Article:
HK Museum of Art reopens with new eateries after facelift

After a renovation of more than four years, the Hong Kong Museum of Art has finally reopened its doors. In this revamped space, visitors can not only appreciate art, but also savour art in the brand new restaurants – including Hue Restaurant & Lounge, a modern Australian restaurant that boasts a panoramic view of the Victoria Harbour.

In Hong Kong, museum restaurants used to be boring cafeterias; but the game changed at the end of November after the reopening of the Hong Kong Museum of Art. In the new layout, there are spaces especially designed for recreational purposes. In particular, as the museum is located on the edge of Victoria Harbour in Tsim Sha Tsui, the new dining outlets enjoy the best part of the scenic view.

Operated by Woolly Pig Hong Kong, Hue Restaurant & Lounge is a modern Australian cuisine restaurant driven by the best produce and inspired by the multicultural make-up of the land Down Under. Located on the museum’s first floor, the 5,000 sq. ft dining space is backdropped by Hong Kong’s most famous skyline. Catering to 130 guests with uniquely tiered leather banquette seating – so that every diner can enjoy the dramatic view.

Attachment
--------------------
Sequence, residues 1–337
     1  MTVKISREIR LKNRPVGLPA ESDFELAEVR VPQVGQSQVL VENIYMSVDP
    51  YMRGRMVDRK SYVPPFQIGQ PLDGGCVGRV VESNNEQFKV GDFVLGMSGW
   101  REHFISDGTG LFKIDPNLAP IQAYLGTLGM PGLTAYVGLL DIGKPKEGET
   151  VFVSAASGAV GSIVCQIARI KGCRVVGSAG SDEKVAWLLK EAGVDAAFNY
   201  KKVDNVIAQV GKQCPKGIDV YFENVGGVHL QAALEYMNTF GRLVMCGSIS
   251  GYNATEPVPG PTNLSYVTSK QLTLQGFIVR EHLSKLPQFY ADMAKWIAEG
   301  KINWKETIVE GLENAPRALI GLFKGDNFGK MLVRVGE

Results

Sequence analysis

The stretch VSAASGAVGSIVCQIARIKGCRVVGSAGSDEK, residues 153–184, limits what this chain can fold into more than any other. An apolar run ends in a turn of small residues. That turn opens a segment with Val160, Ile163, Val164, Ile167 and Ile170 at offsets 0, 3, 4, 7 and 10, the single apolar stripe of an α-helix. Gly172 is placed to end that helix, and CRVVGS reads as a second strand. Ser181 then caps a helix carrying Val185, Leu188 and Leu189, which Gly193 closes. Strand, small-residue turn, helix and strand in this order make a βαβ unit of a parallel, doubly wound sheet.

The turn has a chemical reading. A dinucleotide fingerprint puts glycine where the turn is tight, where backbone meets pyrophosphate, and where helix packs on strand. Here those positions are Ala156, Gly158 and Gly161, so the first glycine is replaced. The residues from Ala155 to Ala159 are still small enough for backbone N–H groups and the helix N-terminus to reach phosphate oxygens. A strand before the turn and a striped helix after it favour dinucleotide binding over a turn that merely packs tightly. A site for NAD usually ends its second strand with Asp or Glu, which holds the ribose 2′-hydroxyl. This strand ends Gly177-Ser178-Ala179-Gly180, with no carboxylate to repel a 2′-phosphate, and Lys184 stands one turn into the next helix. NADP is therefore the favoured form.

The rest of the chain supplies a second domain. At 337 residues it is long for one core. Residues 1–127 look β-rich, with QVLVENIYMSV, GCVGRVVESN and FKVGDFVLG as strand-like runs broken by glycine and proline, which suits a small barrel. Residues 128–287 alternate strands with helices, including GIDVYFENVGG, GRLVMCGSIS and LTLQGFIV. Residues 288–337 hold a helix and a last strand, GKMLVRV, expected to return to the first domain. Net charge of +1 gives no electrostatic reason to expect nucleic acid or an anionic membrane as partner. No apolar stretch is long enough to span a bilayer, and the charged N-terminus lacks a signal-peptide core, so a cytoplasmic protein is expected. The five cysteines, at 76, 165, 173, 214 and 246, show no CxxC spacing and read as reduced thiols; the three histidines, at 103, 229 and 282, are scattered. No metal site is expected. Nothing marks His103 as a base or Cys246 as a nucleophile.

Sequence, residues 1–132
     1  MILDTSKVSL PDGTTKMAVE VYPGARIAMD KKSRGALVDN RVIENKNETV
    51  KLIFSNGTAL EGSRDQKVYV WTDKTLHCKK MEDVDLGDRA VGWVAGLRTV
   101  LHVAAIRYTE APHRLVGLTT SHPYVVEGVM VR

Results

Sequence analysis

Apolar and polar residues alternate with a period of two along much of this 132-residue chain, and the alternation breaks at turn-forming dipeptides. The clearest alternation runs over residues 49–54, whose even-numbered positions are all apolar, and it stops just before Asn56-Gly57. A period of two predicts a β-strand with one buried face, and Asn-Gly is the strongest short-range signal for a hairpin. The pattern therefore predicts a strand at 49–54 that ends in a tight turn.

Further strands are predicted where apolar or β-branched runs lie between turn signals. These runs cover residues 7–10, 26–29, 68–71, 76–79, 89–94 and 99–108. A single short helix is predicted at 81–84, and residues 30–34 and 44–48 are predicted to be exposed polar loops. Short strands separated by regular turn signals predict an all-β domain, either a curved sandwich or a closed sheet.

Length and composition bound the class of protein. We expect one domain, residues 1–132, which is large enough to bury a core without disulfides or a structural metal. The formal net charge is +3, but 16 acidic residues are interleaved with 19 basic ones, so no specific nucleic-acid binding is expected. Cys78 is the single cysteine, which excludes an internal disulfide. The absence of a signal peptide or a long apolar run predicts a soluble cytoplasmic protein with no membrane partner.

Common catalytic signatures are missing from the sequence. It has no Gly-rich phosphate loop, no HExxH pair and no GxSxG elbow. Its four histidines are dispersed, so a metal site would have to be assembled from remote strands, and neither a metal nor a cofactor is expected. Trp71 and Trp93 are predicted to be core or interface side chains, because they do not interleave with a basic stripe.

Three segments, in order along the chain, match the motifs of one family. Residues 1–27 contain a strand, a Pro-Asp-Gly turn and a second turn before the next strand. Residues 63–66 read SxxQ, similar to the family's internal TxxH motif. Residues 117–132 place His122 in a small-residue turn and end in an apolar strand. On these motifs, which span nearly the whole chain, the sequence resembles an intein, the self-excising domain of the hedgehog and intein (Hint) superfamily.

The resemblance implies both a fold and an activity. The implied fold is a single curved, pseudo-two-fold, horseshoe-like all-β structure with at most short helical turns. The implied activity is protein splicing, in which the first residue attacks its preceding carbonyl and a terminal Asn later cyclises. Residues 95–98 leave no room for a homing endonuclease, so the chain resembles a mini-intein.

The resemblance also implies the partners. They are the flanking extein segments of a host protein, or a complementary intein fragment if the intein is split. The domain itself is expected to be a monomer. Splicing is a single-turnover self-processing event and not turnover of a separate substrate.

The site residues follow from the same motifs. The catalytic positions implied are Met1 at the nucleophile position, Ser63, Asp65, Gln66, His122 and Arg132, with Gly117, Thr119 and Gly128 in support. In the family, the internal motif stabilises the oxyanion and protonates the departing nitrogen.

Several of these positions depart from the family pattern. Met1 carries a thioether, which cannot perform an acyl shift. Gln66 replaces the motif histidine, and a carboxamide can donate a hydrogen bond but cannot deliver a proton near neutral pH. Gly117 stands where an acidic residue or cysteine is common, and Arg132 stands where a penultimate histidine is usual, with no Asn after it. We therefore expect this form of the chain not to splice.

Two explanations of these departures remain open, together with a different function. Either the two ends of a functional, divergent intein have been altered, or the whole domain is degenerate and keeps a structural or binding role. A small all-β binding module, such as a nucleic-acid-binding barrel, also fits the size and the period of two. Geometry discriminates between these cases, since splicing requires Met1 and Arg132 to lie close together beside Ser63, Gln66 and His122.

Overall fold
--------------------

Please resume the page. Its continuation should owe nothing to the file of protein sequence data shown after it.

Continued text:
Both lounge and main dining room are decorated in green and birch and subtle Art Deco elements in brass and bronze.

The kitchen is helmed by Australian executive chef Anthony Hammel, who previously worked at Australian celebrity chef Mark Best’s Pei Modern restaurant in Sydney before taking up a role at Prime Steak House & Seafood Grill by Mark Best, aboard cruise ship Genting Dream.

Ingredients on the menus are sourced from a selection of producers from around the globe. Highlights of Chef Hammel’s seasonal menu include beetroot salad with goats curd and smoked eel; raw Mayura Wagyu from Australia with yuzukosho cream and nori crisp; Hue’s Caesar with anchovies, smoked egg and vadouvan; and Carabinero prawns with smoked herring butter sauce.

For something more substantial, there are a few options: succulent pork loin with radicchio puree and fermented blueberries; aged duck breast with quince puree and black garlic sauce; fresh market fish with abalone, served with crustacean dashi and poached winter melon; and made to share, a perfectly slow-cooked New Zealand lamb shoulder dressed with smoked yogurt and green harissa, and served with long beans with a touch of fermented chili for a kick.

Last but not least, diners cannot miss out the dramatic wine wall that features over 100 labels, 70 of which will be available by the glass. The restaurant works directly with producers and boutique importers to offer the best value possible.

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